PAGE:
Air India is constantly in the news over its financial troubles or flight issues, with recent focus to privatize the airline in hopes of bringing efficiency and proper management to the airline. Both international and domestic bidders have been vying for Air India’s various assets.
However, there is one part of the airline that isn’t going to be sold, Air India’s art collection, which has been accumulating for over half a century.
Air India, at one time, served as the standard bearer for Asian airlines under the meticulous care of founder J.R.D. Tata. Tata, along with a friend, founded the airline initially flying mail through India. The airline under Tata’s guidance grew into a refined carrier that set the standard for other Asian airlines.
The Art Collection
Part of Tata’s plan was to find a way to differentiate this airline. His idea was to use Indian art to promote “Indian-ness.”
From 1956 until the early 2000s, the company acquired paintings, textiles, sculptures, carvings and more. These art pieces were sent throughout the world to various Air India offices to present India to the world as a culturally rich nation.
It’s estimated that this collection, numbering to over 4,000 precious pieces, is worth millions of dollars today. However, no one at Air India really kept a meticulous inventory. Air India executives were given pieces to display at home, others were sent overseas and a good number are kept at Air India’s former headquarters. Priceless works of art have shown up in the public market for sale or have been found in ruinous condition.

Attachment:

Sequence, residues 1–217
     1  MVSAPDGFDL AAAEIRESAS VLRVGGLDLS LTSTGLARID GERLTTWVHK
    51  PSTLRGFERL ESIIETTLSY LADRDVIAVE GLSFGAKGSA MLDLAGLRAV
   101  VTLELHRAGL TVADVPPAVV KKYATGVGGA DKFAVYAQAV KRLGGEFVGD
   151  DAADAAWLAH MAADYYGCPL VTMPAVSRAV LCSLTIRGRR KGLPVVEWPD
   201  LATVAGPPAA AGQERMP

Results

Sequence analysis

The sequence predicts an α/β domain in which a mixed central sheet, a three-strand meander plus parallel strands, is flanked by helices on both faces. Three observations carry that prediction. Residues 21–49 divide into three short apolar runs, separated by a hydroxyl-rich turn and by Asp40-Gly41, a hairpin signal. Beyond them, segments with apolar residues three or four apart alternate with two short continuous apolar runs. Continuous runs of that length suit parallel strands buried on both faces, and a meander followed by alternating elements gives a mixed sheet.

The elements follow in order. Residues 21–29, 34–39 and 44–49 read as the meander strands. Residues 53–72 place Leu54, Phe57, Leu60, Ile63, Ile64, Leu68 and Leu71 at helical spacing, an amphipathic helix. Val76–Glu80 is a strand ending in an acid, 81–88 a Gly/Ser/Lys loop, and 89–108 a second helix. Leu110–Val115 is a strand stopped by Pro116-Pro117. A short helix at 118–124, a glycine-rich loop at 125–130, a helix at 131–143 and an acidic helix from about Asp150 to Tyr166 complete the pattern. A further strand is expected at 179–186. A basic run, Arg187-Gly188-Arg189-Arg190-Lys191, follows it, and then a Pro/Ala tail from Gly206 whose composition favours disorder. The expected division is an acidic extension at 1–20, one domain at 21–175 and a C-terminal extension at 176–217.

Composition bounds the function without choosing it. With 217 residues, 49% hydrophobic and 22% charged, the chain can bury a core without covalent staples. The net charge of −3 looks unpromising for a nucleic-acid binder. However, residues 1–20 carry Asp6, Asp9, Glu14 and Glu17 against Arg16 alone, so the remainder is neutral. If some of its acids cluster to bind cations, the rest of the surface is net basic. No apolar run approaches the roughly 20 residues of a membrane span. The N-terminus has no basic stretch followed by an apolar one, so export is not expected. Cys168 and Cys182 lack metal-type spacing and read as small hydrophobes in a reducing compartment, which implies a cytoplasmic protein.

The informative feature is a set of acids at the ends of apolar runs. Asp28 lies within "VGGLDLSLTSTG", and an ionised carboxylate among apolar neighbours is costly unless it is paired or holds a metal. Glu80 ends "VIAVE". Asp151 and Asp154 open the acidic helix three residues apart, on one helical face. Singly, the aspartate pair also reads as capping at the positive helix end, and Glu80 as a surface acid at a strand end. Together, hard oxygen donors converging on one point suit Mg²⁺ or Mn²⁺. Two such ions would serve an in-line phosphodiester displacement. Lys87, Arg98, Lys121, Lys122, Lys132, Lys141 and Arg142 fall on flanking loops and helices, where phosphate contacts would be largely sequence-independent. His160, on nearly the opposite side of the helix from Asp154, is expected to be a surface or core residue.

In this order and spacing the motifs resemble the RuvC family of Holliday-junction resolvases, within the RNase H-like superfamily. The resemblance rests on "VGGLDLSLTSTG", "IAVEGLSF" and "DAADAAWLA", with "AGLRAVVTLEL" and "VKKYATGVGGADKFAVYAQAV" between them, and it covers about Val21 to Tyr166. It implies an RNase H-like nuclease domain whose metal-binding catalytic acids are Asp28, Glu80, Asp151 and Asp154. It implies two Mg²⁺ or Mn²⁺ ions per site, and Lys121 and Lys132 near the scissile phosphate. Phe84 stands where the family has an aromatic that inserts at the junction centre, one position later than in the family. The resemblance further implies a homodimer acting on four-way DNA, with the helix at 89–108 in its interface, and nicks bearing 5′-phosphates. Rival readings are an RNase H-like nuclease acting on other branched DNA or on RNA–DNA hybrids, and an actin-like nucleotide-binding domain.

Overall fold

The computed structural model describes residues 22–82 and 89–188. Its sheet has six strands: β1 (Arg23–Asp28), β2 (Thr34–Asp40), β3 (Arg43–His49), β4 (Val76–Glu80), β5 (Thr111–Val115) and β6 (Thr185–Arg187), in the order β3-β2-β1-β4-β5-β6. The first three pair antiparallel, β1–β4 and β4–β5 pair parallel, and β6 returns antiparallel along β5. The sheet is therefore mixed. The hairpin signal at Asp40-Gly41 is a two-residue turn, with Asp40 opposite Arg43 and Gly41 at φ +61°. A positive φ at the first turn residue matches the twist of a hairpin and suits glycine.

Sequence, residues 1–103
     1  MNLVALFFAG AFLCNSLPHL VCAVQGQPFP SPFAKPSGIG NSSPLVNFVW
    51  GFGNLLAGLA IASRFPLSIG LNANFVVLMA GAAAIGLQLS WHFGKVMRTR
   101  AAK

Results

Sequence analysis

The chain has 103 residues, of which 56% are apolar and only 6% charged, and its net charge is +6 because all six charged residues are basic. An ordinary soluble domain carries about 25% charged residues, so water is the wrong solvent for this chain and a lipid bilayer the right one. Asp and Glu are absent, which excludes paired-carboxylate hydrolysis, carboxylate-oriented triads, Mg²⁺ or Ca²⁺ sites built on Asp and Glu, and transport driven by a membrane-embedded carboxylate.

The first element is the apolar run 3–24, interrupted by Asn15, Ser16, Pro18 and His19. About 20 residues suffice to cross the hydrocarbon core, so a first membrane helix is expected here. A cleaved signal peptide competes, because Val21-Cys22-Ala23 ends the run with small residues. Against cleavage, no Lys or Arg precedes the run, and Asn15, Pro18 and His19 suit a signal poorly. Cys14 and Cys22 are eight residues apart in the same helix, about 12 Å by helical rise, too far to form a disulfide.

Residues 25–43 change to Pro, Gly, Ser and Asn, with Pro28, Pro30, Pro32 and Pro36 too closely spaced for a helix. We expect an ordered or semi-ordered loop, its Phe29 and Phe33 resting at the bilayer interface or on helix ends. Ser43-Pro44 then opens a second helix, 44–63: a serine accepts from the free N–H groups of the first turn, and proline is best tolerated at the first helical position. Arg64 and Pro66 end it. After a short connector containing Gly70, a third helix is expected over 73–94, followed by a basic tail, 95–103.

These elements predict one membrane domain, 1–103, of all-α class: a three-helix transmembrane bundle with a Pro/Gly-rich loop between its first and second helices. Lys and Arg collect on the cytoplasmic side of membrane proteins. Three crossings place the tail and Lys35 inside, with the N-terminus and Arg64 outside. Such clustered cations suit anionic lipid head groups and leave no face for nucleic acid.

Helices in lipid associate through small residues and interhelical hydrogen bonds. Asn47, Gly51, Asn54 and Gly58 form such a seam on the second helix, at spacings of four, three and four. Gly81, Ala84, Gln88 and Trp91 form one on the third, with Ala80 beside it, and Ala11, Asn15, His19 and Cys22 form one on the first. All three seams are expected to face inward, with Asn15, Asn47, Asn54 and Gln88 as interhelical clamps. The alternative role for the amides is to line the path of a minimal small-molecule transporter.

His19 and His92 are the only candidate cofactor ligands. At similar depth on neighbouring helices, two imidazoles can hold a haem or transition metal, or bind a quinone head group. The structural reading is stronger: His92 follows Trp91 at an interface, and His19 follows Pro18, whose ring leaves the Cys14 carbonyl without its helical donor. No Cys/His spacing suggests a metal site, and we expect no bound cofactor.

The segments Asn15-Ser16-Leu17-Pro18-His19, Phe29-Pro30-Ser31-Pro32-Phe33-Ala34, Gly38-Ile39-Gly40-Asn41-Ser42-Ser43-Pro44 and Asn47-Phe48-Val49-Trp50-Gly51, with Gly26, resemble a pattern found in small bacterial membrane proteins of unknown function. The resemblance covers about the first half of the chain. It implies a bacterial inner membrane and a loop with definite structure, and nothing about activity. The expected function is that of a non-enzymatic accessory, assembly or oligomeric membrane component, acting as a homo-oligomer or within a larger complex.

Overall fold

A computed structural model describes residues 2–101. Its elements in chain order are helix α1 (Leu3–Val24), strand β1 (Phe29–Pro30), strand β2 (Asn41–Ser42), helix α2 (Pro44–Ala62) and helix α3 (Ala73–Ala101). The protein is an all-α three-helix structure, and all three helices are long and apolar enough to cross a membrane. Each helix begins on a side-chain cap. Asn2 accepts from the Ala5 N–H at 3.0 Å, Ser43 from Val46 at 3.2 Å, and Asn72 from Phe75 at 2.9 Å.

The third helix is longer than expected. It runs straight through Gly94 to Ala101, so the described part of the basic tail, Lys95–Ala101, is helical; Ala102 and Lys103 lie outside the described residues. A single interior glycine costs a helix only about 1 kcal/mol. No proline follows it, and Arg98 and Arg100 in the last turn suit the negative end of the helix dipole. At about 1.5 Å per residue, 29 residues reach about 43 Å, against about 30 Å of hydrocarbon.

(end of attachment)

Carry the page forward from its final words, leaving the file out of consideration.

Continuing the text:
Greater attention has been given to this art collection as the government is trying to figure out what to do with Air India. The fate of the art collection also was held in limbo. There was even talk of creating a museum to feature all of the artwork, a historical timeline of Indian culture.
A team was commissioned to track down all the artwork but the project stalled due to the impending sale of the airline.
The Final Decision
The future of the art collection has finally been revealed. Recently, the Ministry of Culture announced that the collection will be given to the ministry to be displayed at the National Gallery of Modern Arts.
“Paintings under possession of Air India are the precious heritage of the country,” said the Minister of State for Civil Aviation, Jayant Sinha.
Surprisingly, this decision was faced with scrutiny. Many took to the internet to express their outrage that the art collection was being given to the museum for free instead of being auctioned off like the building they were housed in. Thankfully, those people seem to be in the minority.
While the future of Air India is still up in the air, at least it is known that the brilliant idea of J.R.D. Tata will still survive serving as a legacy of post-independence Indian culture.
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